Did you ever think you’d read a motion where the judge was asked to make one of the parties stick to their story?
I’d never heard of such until I read Plaintiffs’ Memorandum to Prevent Defendant Pinocchio’s Nose from Growing – shown on the MRGO Docket as Plaintiffs’ Memorandum to Prevent Defendant from Seeking to Prove the LPV Structures Were Not Properly Designed and Constructed and Did Not Perform as Expected.
Plaintiffs request that the Court not permit the Defendant to alter its consistent position throughout this litigation that the LPV structures were not negligently designed, constructed, or maintained and that they performed as expected.
Recently, the Government has claimed that only “bigger, stronger levees” would have prevented this calamity.
This appears to be a poorly disguised, 180-degree reversal prohibited by settled judicial estoppel principles. If the Government is doing an about-face, this Court should bar such gamesmanship and preclude any argument or evidence—whether by affirmative proof by defense witnesses or cross-examination of Plaintiffs’ experts—that the LPV structures were defective or did not perform as expected.
In a footnote to this text, the Plaintiffs provides documentation for their claim by quoting from page eight (8) of Defendant USA’s Trial Brief.
“The only way in which the catastrophic flooding of the Lower Ninth Ward, St. Bernard, and New Orleans East could have been avoided would have been through the construction of a better hurricane protection system. . . . This breach [in the New Orleans East Back Levee] could have been prevented only by the construction and maintenance of a stronger, more resilient levee. . .Bigger, stronger levees along the GIWW, the MRGO, and the IHNC could have prevented floodwaters from inundating Plaintiffs’ properties.”
Returning to the motion, Plaintiffs reveal the urgency of the matter.
Most immediately, Plaintiffs seek to preclude any cross-examination of their expert Dr. Robert Bea who will testify on Friday. During the 702c proceedings, Dr. Bea prepared reports discussing the design and construction of the LPV structures along Reach 2—what he termed EBSBs (earthen berms/spoil banks)—in support of Plaintiffs’ motion for summary judgment.
Plaintiffs anticipate that defense counsel will seek to examine Dr. Bea about those reports and the putative defects in the Army Corps’ LPV structures. This area of inquiry should be declared off limits.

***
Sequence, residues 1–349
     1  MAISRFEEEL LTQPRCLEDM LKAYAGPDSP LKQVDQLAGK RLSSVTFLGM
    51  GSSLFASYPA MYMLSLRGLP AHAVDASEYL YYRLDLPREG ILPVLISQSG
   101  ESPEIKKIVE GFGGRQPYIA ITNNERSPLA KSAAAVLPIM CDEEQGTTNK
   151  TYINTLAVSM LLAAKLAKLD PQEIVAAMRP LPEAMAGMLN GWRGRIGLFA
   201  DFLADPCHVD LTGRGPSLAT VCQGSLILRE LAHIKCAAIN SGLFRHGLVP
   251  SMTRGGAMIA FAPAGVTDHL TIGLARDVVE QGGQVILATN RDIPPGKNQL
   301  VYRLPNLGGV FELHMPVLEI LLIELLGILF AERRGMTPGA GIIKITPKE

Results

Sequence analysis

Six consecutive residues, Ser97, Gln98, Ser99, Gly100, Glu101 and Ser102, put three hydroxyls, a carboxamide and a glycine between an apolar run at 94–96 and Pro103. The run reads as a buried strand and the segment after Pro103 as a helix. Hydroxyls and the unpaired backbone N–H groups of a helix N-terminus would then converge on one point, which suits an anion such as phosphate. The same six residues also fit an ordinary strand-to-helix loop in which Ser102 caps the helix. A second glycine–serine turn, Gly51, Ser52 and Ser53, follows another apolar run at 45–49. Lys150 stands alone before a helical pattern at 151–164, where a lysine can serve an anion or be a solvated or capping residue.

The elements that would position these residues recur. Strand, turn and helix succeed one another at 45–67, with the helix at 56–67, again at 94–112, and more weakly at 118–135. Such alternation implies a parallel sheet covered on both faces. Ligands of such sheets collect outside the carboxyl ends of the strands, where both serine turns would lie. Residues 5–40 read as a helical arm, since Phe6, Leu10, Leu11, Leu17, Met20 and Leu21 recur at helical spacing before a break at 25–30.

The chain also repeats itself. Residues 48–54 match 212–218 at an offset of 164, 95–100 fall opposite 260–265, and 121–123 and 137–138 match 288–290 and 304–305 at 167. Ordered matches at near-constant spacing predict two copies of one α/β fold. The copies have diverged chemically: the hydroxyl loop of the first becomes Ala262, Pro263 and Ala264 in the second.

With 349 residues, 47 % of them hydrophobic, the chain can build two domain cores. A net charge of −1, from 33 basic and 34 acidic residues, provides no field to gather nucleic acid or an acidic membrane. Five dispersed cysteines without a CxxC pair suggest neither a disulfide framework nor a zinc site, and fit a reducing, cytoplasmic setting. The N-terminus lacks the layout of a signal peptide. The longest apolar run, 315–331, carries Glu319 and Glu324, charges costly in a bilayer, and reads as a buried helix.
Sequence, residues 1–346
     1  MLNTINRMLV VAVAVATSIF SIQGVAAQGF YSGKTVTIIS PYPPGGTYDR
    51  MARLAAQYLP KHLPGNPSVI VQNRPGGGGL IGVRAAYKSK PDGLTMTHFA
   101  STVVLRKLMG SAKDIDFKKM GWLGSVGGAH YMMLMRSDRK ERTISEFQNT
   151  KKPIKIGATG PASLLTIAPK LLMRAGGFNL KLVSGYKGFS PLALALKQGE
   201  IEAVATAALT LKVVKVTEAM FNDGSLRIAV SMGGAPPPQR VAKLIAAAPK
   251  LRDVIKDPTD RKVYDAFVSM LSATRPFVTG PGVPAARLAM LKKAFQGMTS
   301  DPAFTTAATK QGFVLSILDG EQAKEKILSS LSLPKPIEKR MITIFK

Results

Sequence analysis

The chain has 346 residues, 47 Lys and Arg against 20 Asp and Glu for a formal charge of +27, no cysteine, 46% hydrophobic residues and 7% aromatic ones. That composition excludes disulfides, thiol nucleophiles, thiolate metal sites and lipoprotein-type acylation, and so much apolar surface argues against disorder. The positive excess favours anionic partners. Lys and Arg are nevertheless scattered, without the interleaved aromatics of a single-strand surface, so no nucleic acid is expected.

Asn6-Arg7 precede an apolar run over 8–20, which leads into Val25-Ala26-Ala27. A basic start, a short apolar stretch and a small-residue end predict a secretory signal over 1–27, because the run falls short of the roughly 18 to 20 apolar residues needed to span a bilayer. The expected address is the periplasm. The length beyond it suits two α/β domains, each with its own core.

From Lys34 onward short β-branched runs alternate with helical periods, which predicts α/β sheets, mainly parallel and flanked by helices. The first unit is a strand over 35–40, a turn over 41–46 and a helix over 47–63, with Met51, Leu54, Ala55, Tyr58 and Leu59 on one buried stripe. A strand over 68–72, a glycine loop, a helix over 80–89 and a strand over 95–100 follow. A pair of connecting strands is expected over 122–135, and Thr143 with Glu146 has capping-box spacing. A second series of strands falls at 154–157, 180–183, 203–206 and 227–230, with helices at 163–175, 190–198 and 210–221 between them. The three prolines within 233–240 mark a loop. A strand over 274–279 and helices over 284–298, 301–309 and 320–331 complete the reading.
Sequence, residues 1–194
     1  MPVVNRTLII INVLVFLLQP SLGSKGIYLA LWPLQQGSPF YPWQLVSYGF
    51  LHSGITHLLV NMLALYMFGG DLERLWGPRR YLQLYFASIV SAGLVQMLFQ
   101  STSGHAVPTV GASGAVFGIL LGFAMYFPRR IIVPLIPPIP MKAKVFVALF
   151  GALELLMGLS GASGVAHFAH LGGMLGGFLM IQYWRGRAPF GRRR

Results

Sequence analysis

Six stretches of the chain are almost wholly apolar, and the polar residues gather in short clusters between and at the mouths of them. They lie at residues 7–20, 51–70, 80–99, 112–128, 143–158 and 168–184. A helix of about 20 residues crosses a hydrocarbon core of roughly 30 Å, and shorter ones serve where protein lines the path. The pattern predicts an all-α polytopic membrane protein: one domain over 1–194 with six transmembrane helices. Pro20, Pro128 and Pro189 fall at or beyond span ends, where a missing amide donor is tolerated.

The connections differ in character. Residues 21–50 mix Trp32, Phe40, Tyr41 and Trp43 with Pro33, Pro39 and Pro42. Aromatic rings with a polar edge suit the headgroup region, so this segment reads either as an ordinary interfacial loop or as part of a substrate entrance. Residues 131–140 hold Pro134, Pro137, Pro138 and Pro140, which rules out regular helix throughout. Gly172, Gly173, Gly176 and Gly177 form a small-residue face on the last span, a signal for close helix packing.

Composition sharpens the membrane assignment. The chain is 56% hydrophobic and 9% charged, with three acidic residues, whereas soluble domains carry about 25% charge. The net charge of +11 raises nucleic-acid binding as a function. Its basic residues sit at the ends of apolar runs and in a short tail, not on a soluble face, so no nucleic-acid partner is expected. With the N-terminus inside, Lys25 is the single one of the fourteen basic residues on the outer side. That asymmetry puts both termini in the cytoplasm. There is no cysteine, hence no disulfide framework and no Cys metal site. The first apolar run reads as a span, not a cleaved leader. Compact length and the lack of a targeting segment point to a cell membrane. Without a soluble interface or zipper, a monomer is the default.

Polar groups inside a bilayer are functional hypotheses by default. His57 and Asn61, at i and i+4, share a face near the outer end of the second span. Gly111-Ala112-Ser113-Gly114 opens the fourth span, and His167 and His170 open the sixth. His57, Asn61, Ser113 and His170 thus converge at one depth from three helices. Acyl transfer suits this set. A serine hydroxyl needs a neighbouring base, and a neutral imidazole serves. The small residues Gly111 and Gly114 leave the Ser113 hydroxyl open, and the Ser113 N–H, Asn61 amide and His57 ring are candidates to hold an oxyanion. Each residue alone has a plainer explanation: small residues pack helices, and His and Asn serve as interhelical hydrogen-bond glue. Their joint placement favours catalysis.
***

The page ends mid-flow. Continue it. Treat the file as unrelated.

Dr. Bea’s research was the subject of several pre-trail motions that I’ll add in an update. The Robinson Plaintiffs make strong arguments in support of their motion and also put Dr. Bea’s research in context:
At no time in this litigation have Plaintiffs maintained that the catastrophic flooding of their property was attributable to the negligent design, construction, or maintenance of the LPV structures. Nor have Plaintiffs ever predicated Defendant’s liability on claims of breaches or failure of LPV structures or that their claims relate to a federal flood control project. Plaintiffs’ position has been consistent: It is the MR-GO, not the LPV structures, that destroyed their homes and business.
The Court has consistently recognized Plaintiffs’ position.
In the Section 702 summary judgment battle, Plaintiffs’ winning argument on 702c was that they seek to hold the Army Corps accountable because of defects in the MR-GO that caused the demise of the LPV structures—the Coast Guard cutter analogy. Plaintiffs made explicit time and time again that “Plaintiffs are not predicating Defendant’s liability on levee breaches or the failure, overtopping,or defective design, construction, operation or maintenance of other forms of flood protection works.” (see also In re Katrina Canal Breaches)
Dr. Bea’s 702c report was prepared to support Plaintiffs’ two alternative arguments (neither of which was successful). His essential conclusion was that the LPV flood works (particularly along Reach 2) were not true “levees” entitled to Section 702 immunity because they were not built consistent with the SPH criteria prescribed in the law authorizing the LPV. Dr. Bea did not opine that the catastrophic flooding was caused by defects in the LPV structures—and that is not his opinion in his reports on liability that will be the subject of his trial testimony.
Plaintiff continue by documenting the Defendant’s consistent record claiming the federal levees were not a cause of the catatropic flooding.
The doctrine of judicial estoppel has long been recognized as a preventative measure to preclude a party from changing a position that it previously asserted. “Under general principles of judicial estoppel, a party cannot advance one argument and then, for convenience orgamesmanship after that argument has served its purpose, advance a different and inconsistent argument.”
The Fifth Circuit recognizes the doctrine of judicial estoppel “because of its laudable policy goals. The doctrine prevents internal inconsistency, precludes litigants from ‘playing fast and loose’ with the courts, and prohibits parties from deliberately changing positions based upon the exigencies of the moment.”
One certainty is there will be more on this issue – even more certain is any litigant attempting to play “fast and loose” with Judge Duvan’s court will quickly find out its not a playground.